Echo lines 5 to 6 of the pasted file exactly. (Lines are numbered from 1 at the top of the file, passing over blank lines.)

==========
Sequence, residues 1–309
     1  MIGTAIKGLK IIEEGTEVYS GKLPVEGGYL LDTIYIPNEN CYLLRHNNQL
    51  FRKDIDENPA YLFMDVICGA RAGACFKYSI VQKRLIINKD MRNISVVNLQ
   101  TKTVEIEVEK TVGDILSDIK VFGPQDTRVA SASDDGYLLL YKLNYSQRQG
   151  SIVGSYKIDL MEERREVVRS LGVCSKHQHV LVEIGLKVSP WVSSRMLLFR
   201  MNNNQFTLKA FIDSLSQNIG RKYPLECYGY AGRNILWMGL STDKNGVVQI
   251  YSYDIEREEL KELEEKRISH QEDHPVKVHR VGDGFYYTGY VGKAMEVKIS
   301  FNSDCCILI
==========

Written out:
   151  SIVGSYKIDL MEERREVVRS LGVCSKHQHV LVEIGLKVSP WVSSRMLLFR
   201  MNNNQFTLKA FIDSLSQNIG RKYPLECYGY AGRNILWMGL STDKNGVVQI